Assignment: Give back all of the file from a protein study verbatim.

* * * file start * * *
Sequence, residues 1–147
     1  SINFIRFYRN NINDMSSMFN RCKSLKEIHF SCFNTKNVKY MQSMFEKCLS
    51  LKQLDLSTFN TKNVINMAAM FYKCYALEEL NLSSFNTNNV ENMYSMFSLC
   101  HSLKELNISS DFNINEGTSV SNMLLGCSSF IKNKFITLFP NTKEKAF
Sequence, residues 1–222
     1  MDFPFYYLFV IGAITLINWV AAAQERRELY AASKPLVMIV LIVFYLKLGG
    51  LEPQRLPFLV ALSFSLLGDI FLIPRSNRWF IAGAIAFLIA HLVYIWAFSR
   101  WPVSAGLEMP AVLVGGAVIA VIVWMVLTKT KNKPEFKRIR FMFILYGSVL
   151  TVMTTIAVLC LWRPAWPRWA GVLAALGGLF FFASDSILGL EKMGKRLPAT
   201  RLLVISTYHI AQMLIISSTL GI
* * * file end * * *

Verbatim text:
Sequence, residues 1–147
     1  SINFIRFYRN NINDMSSMFN RCKSLKEIHF SCFNTKNVKY MQSMFEKCLS
    51  LKQLDLSTFN TKNVINMAAM FYKCYALEEL NLSSFNTNNV ENMYSMFSLC
   101  HSLKELNISS DFNINEGTSV SNMLLGCSSF IKNKFITLFP NTKEKAF
Sequence, residues 1–222
     1  MDFPFYYLFV IGAITLINWV AAAQERRELY AASKPLVMIV LIVFYLKLGG
    51  LEPQRLPFLV ALSFSLLGDI FLIPRSNRWF IAGAIAFLIA HLVYIWAFSR
   101  WPVSAGLEMP AVLVGGAVIA VIVWMVLTKT KNKPEFKRIR FMFILYGSVL
   151  TVMTTIAVLC LWRPAWPRWA GVLAALGGLF FFASDSILGL EKMGKRLPAT
   201  RLLVISTYHI AQMLIISSTL GI